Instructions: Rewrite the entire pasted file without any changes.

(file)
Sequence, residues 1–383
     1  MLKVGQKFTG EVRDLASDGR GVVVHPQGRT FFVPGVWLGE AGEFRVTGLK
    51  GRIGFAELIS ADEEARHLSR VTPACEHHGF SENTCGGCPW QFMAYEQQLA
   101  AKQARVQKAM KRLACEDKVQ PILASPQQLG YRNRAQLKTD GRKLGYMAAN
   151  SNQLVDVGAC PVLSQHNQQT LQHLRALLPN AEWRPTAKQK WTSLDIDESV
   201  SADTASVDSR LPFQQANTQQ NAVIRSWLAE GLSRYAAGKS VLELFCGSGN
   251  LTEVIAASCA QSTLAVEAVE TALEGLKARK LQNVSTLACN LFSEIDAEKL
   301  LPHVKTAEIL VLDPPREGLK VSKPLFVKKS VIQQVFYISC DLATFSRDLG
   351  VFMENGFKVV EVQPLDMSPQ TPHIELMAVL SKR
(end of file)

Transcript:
Sequence, residues 1–383
     1  MLKVGQKFTG EVRDLASDGR GVVVHPQGRT FFVPGVWLGE AGEFRVTGLK
    51  GRIGFAELIS ADEEARHLSR VTPACEHHGF SENTCGGCPW QFMAYEQQLA
   101  AKQARVQKAM KRLACEDKVQ PILASPQQLG YRNRAQLKTD GRKLGYMAAN
   151  SNQLVDVGAC PVLSQHNQQT LQHLRALLPN AEWRPTAKQK WTSLDIDESV
   201  SADTASVDSR LPFQQANTQQ NAVIRSWLAE GLSRYAAGKS VLELFCGSGN
   251  LTEVIAASCA QSTLAVEAVE TALEGLKARK LQNVSTLACN LFSEIDAEKL
   301  LPHVKTAEIL VLDPPREGLK VSKPLFVKKS VIQQVFYISC DLATFSRDLG
   351  VFMENGFKVV EVQPLDMSPQ TPHIELMAVL SKR